hold up: meaning and explanation

to hold somebody/something up = to delay somebody or something.

It is easy to use this phrasal verb as an alternative to the verb delay. e.g. I don’t want to hold you up = I don’t want to delay you.

We often use the phrasal verb in the passive (to be/get held up) when we want to focus on the person or thing that is delayed. e.g. I got held up at work.

We can also use this phrasal verb as a noun – a hold up, e.g. Sorry for the hold up, your drinks will be ready in the next couple of minutes.

Have a go at these micro-dictation exercises to hear this expression being used in context – how much can you understand?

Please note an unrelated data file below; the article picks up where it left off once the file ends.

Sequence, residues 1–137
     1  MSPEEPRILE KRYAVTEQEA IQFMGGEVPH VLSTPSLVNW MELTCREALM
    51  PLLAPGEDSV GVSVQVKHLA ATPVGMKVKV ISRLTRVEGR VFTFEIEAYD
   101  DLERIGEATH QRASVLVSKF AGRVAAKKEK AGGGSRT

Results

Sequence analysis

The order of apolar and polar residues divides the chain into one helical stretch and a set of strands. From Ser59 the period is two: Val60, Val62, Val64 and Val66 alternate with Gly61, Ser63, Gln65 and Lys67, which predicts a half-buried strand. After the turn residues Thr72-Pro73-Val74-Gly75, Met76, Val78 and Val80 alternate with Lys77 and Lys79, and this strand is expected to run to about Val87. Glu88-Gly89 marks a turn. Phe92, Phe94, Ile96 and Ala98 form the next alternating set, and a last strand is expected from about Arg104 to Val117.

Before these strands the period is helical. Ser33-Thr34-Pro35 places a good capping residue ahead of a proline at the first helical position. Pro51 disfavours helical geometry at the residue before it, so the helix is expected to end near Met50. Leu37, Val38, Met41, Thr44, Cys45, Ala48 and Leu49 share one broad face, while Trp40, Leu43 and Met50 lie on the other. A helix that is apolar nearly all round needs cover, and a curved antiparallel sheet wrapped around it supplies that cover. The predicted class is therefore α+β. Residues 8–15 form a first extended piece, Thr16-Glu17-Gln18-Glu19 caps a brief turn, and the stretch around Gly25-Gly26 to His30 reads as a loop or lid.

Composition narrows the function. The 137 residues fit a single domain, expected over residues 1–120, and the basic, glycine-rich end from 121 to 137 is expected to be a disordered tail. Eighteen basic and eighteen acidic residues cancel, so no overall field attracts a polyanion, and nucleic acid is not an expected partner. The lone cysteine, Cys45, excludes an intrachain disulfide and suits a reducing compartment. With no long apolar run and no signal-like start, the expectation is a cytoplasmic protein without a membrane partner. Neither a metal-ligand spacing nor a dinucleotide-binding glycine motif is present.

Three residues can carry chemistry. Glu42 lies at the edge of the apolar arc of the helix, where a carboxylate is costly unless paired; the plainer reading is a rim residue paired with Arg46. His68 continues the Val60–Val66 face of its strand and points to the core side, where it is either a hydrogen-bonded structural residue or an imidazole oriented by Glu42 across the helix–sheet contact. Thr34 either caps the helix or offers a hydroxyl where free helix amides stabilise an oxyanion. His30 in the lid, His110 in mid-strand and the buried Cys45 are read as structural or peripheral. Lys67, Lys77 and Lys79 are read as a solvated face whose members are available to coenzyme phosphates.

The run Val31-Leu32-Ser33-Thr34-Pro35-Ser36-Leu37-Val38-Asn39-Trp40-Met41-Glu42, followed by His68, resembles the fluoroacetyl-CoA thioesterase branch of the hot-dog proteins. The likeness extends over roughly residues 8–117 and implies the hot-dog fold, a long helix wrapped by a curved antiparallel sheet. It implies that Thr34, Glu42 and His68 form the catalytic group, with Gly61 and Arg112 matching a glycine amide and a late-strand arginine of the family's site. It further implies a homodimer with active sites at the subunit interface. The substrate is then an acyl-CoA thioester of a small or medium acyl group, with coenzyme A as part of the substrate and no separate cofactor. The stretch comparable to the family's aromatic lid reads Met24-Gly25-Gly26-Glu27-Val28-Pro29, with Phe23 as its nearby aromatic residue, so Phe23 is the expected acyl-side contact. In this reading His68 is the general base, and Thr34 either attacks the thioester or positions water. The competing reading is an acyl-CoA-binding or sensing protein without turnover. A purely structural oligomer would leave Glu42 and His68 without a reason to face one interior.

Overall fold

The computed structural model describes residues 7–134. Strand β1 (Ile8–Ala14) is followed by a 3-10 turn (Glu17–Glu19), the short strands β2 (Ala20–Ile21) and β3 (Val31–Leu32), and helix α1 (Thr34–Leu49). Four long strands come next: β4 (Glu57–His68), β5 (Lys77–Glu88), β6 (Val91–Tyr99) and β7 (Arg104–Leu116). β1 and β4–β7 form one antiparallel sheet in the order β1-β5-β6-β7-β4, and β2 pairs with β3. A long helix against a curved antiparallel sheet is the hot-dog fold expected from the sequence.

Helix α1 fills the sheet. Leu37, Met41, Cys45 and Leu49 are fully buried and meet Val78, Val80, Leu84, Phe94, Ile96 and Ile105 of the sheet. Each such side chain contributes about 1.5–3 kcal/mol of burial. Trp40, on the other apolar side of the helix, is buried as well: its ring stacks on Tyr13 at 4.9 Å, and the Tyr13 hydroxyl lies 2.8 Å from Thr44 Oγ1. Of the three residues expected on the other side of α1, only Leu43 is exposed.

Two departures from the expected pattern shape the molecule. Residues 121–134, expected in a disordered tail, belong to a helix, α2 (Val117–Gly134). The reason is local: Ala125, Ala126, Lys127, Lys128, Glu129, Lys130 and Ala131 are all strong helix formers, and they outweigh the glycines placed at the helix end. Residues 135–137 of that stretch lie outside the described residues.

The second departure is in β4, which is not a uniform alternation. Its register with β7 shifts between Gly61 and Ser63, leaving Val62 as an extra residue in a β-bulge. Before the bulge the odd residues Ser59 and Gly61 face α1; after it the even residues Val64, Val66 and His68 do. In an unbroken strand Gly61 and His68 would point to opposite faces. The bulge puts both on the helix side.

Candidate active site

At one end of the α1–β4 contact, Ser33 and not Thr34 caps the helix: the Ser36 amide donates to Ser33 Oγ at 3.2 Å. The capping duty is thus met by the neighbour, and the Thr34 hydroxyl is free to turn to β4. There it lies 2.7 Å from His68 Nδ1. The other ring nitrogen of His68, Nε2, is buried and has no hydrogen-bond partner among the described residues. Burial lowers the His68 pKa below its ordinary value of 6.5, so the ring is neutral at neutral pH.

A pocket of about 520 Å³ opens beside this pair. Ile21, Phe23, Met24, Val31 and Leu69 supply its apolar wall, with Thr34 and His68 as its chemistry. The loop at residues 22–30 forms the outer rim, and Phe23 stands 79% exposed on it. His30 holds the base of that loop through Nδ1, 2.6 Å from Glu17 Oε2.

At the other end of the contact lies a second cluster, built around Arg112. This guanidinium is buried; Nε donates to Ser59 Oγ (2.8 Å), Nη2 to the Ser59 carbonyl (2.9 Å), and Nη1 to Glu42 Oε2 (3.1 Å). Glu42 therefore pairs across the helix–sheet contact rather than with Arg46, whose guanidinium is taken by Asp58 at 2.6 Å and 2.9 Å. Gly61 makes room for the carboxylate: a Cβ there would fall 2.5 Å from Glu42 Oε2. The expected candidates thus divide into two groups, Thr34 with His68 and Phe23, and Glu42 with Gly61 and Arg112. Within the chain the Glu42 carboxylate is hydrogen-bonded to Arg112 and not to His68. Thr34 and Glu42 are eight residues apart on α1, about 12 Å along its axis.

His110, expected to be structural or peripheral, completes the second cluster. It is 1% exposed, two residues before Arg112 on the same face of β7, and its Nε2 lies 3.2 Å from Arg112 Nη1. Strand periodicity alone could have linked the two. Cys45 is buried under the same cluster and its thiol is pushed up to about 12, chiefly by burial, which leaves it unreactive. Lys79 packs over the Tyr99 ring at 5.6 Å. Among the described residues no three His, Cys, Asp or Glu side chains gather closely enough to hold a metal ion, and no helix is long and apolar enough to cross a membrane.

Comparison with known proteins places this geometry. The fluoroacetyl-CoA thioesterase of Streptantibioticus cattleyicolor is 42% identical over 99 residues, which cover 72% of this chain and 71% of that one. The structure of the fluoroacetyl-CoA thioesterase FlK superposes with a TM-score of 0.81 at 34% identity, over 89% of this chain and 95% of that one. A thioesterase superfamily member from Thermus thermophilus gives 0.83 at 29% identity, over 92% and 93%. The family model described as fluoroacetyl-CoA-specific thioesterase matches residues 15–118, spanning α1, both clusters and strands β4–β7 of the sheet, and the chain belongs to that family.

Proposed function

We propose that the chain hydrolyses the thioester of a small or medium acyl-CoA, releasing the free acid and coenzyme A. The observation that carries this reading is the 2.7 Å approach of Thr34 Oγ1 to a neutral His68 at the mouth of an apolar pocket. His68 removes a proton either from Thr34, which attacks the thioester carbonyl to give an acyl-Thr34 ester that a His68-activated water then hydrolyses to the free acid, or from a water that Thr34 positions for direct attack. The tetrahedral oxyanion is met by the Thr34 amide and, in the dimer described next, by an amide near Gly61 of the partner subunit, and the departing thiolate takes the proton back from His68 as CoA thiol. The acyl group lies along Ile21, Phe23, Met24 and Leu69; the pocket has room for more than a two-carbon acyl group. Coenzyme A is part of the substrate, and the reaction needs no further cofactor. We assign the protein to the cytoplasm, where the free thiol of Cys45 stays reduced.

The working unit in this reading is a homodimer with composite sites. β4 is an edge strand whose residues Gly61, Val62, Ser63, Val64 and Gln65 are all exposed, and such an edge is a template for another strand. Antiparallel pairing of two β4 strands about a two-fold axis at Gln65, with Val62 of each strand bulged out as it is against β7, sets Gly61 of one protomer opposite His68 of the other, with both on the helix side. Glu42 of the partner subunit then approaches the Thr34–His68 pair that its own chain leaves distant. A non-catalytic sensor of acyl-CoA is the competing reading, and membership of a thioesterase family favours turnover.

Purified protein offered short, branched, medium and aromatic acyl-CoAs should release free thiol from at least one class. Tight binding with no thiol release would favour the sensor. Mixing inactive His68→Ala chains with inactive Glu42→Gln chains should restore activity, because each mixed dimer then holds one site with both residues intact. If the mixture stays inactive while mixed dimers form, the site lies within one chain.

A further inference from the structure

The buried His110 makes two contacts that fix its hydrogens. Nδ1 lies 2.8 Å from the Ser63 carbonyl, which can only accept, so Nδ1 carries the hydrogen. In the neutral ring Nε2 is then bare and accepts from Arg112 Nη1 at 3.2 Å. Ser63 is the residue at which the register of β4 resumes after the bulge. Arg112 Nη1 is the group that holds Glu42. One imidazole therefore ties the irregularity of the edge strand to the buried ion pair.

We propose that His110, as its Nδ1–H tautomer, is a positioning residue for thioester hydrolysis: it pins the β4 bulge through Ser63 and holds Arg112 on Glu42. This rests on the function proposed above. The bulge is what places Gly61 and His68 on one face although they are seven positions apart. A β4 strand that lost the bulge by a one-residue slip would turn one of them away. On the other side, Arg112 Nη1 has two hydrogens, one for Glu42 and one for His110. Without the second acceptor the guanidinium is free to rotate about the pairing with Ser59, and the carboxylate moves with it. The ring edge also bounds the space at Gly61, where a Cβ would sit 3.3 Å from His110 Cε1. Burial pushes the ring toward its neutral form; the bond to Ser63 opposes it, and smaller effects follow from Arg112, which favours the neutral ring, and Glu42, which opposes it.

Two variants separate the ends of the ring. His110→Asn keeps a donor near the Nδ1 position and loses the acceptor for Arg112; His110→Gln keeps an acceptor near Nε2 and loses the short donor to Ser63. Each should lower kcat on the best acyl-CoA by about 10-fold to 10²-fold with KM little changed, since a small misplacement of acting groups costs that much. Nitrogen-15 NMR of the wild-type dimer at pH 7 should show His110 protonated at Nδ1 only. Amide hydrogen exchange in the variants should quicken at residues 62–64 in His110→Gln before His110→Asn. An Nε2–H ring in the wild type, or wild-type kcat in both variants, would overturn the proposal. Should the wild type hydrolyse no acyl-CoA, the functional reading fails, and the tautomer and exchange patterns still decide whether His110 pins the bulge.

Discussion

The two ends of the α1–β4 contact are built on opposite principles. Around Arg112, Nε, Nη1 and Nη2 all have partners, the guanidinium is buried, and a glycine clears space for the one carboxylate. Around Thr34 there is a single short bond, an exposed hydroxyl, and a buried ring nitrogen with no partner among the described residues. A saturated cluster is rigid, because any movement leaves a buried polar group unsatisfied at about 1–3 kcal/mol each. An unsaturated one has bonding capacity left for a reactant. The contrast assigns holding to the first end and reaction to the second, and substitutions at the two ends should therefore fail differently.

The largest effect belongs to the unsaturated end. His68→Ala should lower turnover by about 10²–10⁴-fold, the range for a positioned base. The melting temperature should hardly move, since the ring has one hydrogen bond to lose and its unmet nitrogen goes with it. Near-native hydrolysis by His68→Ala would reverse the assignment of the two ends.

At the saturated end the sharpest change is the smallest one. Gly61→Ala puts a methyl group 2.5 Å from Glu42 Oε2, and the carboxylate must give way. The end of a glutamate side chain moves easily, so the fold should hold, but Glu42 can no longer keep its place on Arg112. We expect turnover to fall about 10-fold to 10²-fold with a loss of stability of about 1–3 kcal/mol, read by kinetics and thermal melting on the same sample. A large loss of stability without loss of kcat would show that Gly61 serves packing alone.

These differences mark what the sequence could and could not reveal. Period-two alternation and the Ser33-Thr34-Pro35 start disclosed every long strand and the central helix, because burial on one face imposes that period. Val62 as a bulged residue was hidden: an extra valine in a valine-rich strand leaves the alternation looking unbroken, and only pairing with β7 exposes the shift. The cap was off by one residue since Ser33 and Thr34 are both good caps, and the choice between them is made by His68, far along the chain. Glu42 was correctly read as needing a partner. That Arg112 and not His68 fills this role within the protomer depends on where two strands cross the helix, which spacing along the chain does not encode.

Listening exercises

Micro-listening #1

Accent: Ireland

. .
Sorry I'm . I by the
Sorry I'm . I got up by the .

Micro-listening #2

Accent: Northern England

. .
I quick. I don't any longer.
I to be quick. I don't to you any longer.

About the sentence

…I promise to be quick…

Notice the important verb pattern to promise to do sth, e.g. I can’t believe you were late again. You promised to be on time.

Micro-listening #3

Accent: England (London)

. ?
We've over . What's the ?
We've waiting for an . What's the up?

About the sentence

…we’ve been waiting

The present perfect continuous is used here to describe an action that started in the past and continues up to the present, and also to emphasise the duration of this action. e.g. I’ve been reading this book for two months and I’m not even halfway through.